Find out about the founder of Hereditary Brain Aneurysm Support, Rebecca Middleton, and her experience living with a brain aneurysm.
In 2014, Rebecca Middleton aged 36 was shocked but not surprised to learn she had a brain aneurysm. A potential silent killer.
Very sadly, brain aneurysms killed Rebecca’s grandmother at the young age of 34 and her mother a few days before her 60th birthday. But it wasn’t until her uncle died from an aortic aneurysm that her family got together to discuss the possibility that these events might be more than just a coincidence. The mother of two daughters wanted to learn more to protect herself and her family and put the pieces of the puzzle together, Rebecca began to research familial or hereditary brain aneurysms, undergoing brain scans herself to learn that she too had an aneurysm - and confirming that this was more than coincidence, this was a genetic ‘silent killer’ condition that had now affected three generations of the same family.
With the diagnosis of the brain aneurysm came the confirmation that Rebecca had Familial Brain Aneurysm Syndrome, confirmation that the condition ran through the family line.
Rebecca underwent regular brain scans and regular monitoring of her aneurysms until 2018 when it was found to be growing and becoming unstable – at which point she had successful, life-saving brain surgery. Her youngest daughter was only 1 year old at the time.
Rebecca is the co-founder and director of a successful communications agency and realised right from the start of her journey that there was a real lack of helpful and reliable information on hereditary brain aneurysms – and she knew this was an issue that others must be facing too. With her sister by her side, Rebecca decided to change this and develop a patient and family-focused organisation that she so desperately needed at the start of her journey. In September 2022, Hereditary Brain Aneurysm Support was launched. It came from an idea that grew over a number of years and was built on a passion to change the narrative and support patients and families like hers.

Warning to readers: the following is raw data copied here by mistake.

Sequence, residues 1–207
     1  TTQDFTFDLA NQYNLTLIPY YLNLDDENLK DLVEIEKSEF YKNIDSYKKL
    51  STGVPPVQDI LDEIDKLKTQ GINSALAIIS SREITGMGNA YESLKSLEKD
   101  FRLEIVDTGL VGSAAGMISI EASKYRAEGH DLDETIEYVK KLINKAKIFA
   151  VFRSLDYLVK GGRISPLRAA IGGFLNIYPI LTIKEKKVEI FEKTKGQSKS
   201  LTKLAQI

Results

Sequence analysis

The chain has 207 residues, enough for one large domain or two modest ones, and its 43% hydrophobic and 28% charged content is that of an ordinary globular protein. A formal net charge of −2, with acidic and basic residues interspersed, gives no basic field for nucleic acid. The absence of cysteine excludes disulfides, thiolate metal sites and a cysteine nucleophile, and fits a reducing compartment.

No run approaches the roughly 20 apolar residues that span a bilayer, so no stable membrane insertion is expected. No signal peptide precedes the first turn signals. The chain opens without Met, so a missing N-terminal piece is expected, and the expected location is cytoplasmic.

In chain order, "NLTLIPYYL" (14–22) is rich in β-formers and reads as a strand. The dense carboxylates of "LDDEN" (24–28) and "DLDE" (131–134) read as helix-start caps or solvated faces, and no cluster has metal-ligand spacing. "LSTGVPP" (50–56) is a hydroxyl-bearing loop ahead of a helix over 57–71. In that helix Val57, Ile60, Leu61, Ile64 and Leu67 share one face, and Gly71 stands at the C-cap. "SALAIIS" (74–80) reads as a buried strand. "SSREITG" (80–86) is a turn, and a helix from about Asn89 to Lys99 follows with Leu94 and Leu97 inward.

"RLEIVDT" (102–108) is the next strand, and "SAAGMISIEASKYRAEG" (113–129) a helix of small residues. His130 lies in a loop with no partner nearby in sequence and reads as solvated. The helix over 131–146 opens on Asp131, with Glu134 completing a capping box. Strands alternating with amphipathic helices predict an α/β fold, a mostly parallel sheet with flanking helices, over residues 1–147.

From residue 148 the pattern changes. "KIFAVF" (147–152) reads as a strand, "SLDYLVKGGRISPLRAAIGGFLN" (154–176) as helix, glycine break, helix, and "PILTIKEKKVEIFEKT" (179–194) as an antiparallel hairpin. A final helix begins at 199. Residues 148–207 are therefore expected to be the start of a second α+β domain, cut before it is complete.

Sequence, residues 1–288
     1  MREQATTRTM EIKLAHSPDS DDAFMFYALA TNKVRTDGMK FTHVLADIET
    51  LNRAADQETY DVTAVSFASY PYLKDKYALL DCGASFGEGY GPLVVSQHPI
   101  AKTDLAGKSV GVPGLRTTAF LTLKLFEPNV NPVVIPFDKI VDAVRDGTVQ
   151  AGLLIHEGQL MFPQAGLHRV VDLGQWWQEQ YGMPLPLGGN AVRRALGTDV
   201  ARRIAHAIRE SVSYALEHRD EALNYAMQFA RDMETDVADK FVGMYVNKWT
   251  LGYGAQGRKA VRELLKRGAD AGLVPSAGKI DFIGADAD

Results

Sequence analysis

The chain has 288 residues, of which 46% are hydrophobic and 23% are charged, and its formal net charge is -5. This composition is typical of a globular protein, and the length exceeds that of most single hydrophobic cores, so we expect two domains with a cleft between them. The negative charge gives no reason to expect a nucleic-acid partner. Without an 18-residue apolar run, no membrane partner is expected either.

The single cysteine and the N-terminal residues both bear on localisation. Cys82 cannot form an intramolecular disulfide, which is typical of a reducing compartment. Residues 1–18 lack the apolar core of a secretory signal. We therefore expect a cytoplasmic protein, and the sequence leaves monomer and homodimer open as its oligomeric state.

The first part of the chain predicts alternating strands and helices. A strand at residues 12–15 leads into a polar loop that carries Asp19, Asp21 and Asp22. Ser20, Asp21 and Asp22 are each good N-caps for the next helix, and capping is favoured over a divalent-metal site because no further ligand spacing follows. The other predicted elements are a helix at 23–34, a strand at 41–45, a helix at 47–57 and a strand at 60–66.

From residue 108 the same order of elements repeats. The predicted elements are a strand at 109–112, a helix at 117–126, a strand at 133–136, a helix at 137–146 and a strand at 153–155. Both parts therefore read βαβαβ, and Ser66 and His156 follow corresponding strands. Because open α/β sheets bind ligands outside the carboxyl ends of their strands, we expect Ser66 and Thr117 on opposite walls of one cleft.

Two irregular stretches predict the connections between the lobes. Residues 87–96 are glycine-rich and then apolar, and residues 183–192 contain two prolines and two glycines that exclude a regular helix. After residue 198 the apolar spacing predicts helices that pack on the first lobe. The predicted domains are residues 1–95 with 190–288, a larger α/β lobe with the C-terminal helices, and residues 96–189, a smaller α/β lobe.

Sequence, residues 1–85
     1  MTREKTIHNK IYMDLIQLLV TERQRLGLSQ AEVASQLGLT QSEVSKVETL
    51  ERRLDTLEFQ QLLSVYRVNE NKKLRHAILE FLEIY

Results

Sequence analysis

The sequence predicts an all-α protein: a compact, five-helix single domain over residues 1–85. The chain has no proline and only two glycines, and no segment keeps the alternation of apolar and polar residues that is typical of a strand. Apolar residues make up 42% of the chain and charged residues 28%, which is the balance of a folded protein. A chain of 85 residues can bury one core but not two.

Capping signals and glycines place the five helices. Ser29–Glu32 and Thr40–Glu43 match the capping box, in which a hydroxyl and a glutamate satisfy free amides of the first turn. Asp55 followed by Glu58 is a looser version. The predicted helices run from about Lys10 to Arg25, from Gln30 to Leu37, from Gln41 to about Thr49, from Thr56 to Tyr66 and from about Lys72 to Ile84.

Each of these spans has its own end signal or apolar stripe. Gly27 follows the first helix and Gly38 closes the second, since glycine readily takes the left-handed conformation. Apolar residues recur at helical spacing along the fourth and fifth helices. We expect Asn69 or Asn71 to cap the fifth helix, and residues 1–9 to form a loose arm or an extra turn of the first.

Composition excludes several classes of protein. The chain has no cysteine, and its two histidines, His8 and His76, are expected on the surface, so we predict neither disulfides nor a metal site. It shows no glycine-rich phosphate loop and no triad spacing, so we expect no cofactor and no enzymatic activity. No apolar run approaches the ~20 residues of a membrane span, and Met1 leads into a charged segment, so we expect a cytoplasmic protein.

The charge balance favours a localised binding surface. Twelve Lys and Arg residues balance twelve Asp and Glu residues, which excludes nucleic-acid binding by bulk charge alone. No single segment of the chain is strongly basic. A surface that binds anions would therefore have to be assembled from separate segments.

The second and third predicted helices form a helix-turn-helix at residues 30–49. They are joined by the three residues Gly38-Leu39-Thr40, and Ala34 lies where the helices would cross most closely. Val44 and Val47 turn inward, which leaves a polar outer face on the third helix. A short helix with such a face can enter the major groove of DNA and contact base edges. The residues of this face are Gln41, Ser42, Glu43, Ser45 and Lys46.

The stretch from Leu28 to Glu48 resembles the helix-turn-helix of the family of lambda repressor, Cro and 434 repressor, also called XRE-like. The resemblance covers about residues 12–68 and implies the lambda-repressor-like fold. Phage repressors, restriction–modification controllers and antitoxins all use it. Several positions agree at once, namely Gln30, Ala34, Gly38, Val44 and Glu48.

For Rebecca, her screening and subsequent surgery were life-changing and life-saving – and, as hereditary brain aneurysms often run down the maternal line, access to screening and genetic testing will be important for her daughters too. Today, through HBA Support, Rebecca advocates for empowering patients to make their own choices – knowing that screening isn’t right for everyone and pushing for more awareness of this rare condition clinically too.
After undergoing NHS genetic testing in 2015 without success, Rebecca joined the ground-breaking Genomics England’s 100,000 Genomes Project. Soon after that, she joined its Participant Panel as a founding member and now sits as its Vice Chair. Rebecca continues to advocate for better patient and researcher partnerships and utilising the latest technology for greater diagnostic analysis and understanding. Most recently, HBA Support has undertaken an extensive Targeted Literature Review, to collate research into the condition and expose gaps in knowledge – advocating for more research into the condition.